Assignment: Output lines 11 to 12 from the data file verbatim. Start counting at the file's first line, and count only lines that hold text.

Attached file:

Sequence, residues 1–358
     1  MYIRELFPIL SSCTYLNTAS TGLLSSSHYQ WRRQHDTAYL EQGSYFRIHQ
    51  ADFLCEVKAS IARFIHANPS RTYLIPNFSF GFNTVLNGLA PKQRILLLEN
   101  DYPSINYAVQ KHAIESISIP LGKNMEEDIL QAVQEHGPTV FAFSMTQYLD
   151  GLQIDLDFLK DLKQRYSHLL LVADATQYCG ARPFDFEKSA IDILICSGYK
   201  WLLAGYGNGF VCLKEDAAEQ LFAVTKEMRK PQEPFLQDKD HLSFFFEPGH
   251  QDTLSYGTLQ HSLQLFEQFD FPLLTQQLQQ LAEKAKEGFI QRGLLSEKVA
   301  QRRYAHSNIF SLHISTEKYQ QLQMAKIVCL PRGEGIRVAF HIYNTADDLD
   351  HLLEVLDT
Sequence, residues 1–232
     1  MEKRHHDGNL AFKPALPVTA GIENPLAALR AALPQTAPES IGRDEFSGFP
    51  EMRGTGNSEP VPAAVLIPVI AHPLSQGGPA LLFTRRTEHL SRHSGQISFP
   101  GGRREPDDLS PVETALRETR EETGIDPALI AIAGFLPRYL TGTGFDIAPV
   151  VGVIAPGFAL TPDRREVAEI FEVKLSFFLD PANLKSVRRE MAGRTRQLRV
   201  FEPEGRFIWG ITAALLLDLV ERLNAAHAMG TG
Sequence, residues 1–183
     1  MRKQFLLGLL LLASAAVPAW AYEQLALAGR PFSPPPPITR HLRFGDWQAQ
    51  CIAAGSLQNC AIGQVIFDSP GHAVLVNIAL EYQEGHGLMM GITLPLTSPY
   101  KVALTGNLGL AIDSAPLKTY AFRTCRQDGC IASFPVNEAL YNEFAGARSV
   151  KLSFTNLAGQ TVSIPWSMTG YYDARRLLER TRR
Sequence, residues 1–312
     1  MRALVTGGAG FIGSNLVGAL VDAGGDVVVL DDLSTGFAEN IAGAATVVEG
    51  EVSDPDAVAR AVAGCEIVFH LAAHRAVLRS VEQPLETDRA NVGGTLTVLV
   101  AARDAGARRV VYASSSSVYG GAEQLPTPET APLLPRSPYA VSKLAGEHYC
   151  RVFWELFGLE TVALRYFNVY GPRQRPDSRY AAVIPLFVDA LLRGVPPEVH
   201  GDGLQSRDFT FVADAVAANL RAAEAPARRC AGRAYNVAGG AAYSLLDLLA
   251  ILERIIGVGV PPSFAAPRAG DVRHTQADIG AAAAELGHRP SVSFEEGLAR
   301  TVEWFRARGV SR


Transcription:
     1  MEKRHHDGNL AFKPALPVTA GIENPLAALR AALPQTAPES IGRDEFSGFP
    51  EMRGTGNSEP VPAAVLIPVI AHPLSQGGPA LLFTRRTEHL SRHSGQISFP